House Democrats have blocked a Republican amendment that would have strengthened religious liberty protections in the Respect for Marriage Act, a bipartisan bill that would require the federal government to recognize all marriages, including same-sex marriages, that are legal in the state where they took place.
The House Rules Committee held a hearing Monday afternoon on an amendment offered by Rep. Chip Roy, R-Texas, that would have prohibited the federal government from retaliating against any individual or organization that opposes same-sex marriage on religious or moral grounds. Committee Chairman Rep. James McGovern, D-Mass., refused to allow Roy’s amendment to advance to the House floor, explaining that Democrats want to pass the Respect for Marriage Act during the lame-duck session of Congress before Republicans take over the House next year.
“If we were to amend this, and it goes back to the Senate, for all intents and purposes it’s dead for the year,” McGovern said. “And many of us believe that we have a court right now that is hellbent on trying to reverse the rights for the LGBTQ community, and we do not trust them to respect marriage equality in this country.”
The bipartisan marriage legislation is a result of a months-long push by Democrats to codify same-sex marriage amid fears the Supreme Court might reverse its Obergefell v. Hodges decision. Those fears, which Republicans assert are unfounded, are based on a lone Supreme Court opinion by Justice Clarence Thomas in June in the case Dobbs v. Jackson Women’s Health Organization. Thomas said the court should “reconsider” its precedent on the issue.
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No other justices joined Thomas. But that opinion became a major campaign issue for Democrats and spurred lawmakers of both parties to craft legislation that would require states to recognize same-sex marriage in case that precedent eventually falls.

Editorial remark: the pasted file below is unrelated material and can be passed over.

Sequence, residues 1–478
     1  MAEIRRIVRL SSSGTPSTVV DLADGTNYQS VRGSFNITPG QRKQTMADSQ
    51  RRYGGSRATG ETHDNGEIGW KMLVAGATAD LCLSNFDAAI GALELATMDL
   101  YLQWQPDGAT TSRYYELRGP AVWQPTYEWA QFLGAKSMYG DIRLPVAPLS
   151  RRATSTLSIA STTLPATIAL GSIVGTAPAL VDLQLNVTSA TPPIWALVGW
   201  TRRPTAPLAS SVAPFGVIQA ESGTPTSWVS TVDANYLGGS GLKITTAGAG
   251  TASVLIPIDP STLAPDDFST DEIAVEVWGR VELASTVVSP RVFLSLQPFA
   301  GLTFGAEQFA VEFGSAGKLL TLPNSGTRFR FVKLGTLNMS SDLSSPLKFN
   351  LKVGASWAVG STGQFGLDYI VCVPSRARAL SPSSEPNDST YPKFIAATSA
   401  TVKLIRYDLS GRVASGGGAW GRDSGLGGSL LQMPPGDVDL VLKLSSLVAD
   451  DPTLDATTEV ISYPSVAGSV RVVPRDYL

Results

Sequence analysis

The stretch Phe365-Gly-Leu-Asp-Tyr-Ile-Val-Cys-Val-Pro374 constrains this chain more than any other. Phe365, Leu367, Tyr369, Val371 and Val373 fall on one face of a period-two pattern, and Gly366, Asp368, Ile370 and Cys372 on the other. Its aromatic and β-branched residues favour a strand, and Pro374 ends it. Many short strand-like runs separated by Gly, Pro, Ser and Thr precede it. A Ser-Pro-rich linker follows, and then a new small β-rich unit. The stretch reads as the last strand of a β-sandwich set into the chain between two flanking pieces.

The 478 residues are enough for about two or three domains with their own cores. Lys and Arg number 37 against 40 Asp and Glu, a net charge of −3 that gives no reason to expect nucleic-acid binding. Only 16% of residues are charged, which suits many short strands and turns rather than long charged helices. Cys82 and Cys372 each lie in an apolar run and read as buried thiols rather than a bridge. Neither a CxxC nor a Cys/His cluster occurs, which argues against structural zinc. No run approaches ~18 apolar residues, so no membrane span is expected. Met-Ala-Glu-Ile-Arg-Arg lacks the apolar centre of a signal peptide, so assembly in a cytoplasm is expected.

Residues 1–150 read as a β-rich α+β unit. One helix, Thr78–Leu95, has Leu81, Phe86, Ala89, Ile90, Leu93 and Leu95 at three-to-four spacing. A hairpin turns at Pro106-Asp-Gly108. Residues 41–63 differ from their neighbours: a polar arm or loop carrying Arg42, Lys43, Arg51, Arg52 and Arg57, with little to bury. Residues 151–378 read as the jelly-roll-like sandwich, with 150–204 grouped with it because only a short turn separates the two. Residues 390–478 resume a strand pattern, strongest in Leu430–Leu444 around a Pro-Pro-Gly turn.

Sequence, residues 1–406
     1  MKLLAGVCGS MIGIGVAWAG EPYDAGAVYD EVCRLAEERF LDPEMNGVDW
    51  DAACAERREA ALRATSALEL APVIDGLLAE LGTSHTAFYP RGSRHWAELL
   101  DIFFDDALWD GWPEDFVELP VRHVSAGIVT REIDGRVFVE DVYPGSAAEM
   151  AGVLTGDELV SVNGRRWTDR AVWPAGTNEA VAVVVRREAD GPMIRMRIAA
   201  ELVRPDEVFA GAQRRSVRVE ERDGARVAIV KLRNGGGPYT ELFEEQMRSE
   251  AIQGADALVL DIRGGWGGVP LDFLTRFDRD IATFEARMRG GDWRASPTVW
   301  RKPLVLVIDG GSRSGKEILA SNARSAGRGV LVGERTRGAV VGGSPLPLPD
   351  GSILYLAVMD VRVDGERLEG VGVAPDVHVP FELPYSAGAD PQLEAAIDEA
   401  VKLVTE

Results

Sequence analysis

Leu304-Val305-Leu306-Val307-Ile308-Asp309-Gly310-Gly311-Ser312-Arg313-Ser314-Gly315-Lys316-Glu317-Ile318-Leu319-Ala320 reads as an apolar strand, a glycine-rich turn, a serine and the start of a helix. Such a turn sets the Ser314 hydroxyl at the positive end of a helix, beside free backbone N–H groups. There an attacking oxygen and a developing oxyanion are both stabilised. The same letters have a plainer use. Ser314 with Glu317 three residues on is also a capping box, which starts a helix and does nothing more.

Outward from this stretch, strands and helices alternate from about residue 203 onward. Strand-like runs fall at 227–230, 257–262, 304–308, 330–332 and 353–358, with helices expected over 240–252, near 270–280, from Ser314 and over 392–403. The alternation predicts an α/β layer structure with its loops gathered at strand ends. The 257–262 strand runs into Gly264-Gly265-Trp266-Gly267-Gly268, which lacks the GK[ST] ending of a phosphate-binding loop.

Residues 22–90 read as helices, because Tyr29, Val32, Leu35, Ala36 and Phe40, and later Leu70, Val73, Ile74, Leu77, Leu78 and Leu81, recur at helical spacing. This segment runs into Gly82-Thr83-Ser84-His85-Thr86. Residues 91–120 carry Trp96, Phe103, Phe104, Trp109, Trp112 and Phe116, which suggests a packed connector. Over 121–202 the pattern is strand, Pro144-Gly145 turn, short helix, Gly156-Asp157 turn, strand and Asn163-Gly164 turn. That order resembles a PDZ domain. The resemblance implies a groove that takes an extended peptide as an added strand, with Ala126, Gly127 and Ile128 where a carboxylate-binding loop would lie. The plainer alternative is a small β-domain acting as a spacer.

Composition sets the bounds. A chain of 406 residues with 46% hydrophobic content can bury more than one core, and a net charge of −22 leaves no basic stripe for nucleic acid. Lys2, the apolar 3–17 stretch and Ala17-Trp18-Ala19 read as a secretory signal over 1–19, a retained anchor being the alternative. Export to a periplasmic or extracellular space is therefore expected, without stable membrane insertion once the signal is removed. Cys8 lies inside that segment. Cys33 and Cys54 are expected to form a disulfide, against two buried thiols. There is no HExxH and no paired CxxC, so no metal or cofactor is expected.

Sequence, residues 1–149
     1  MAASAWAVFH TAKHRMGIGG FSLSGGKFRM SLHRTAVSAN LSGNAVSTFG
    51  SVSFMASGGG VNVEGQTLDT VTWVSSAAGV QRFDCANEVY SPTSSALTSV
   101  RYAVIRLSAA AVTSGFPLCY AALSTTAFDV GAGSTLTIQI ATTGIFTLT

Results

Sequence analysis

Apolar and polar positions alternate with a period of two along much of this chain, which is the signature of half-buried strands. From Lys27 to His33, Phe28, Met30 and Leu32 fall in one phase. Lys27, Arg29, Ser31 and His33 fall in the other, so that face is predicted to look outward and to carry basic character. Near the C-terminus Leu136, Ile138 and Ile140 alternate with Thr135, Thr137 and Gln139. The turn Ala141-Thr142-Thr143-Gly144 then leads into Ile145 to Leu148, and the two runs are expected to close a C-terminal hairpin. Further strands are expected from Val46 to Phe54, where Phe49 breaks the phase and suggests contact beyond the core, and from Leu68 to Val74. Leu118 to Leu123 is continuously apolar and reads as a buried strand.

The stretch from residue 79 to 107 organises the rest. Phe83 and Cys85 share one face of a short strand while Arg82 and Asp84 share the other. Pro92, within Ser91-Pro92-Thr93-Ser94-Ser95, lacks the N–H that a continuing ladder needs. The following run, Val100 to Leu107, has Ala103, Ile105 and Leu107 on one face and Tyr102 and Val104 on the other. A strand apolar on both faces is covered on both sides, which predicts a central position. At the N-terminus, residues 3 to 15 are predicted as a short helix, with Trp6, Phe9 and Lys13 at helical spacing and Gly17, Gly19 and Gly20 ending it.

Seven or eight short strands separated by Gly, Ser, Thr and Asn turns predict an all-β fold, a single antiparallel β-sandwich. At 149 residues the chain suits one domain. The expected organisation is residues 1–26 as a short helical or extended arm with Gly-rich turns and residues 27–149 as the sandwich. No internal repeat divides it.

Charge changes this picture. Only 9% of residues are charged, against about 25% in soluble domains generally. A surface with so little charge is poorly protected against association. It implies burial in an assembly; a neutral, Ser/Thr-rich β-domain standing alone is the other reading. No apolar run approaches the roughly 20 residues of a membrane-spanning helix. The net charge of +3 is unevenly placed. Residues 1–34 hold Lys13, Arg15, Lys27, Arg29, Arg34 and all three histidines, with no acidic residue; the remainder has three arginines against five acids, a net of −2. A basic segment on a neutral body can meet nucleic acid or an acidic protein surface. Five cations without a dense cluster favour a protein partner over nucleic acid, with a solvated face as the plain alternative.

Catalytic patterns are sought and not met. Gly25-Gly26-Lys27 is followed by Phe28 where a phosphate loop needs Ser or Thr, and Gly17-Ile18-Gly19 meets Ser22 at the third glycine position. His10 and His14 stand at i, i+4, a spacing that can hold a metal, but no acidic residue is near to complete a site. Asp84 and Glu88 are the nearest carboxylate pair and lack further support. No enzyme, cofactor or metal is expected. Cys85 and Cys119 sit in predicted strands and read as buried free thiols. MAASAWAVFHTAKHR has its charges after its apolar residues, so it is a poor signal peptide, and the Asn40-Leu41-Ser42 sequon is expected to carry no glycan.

To that end, the U.S. Senate passed the Respect for Marriage Act in a bipartisan vote of 61 to 36 last week. The Senate bill included language that purportedly protects religious liberty and instructs that nonprofit religious organizations “shall not be required to provide services” to a marriage it opposes, but conservatives have called those protections “severely anemic.” House Democrats are now setting up a vote on the bill without amendment.
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Roy’s proposal was identical to one offered in the Senate by Sen. Mike Lee, R-Utah., that had bipartisan support but did not pass. The congressman expressed frustration that the House would not be permitted an opportunity to debate and vote on his amendment.
“Later this week, Congress will vote to redefine marriage and hand LGBTQ activists a legislative sword to freely swing at innocent Americans. Yet, before today, not a single committee held a hearing, heard from witnesses, or deliberated the details of this legislation. Instead, members of Congress will be forced to vote up or down on a bill that they were not allowed to amend or even serious debate,” Roy told Fox News.
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“No free American should have to live in constant threat of having their life upended and ruined in court for holding millennia-old religious beliefs. Further, every American deserves to know whether their representative wants the federal government to target people of faith.”
Roy voiced his concerns to the Rules committee on Monday, but they fell on deaf ears.
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McGovern told Republicans on the committee that when they assume control of the House in January, “you can bring one amendment after another to reverse the last 70 years of social progress.”
“We will oppose you on that,” he added.
Fox News’ Brianna Herlihy contributed to this report.